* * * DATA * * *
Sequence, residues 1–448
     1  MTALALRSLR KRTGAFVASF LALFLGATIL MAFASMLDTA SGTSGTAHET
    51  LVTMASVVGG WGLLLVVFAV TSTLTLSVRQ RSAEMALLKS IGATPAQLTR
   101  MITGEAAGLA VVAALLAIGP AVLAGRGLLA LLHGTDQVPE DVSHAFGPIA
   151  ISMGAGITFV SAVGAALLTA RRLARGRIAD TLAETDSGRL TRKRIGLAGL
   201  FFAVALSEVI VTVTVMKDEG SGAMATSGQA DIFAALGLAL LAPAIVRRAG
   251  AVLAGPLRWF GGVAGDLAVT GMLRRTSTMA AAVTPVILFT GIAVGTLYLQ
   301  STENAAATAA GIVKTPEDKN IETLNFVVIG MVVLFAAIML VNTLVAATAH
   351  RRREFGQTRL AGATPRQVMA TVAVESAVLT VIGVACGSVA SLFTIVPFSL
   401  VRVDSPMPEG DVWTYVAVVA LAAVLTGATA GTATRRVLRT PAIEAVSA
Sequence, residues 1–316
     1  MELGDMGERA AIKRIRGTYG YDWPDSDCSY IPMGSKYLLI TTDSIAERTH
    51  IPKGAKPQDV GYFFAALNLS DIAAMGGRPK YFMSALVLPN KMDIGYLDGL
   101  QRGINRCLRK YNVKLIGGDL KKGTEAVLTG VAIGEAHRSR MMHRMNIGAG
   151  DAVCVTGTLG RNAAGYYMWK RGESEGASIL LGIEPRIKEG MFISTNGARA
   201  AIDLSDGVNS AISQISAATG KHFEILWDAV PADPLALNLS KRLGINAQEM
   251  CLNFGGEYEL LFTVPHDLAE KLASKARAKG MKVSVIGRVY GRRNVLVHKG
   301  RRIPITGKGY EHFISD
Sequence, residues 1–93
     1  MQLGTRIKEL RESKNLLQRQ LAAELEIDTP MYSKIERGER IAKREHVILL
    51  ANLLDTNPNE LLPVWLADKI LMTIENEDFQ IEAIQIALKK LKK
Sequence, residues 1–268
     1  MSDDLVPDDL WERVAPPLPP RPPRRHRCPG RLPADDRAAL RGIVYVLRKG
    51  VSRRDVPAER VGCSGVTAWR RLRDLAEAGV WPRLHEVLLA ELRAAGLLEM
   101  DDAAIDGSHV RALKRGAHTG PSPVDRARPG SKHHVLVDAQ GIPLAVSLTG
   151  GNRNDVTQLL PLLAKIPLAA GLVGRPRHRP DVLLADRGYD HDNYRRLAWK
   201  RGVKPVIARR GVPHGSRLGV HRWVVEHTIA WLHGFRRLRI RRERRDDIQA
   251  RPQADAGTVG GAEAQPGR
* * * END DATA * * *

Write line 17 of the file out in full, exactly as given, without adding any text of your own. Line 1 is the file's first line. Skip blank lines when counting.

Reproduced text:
   251  CLNFGGEYEL LFTVPHDLAE KLASKARAKG MKVSVIGRVY GRRNVLVHKG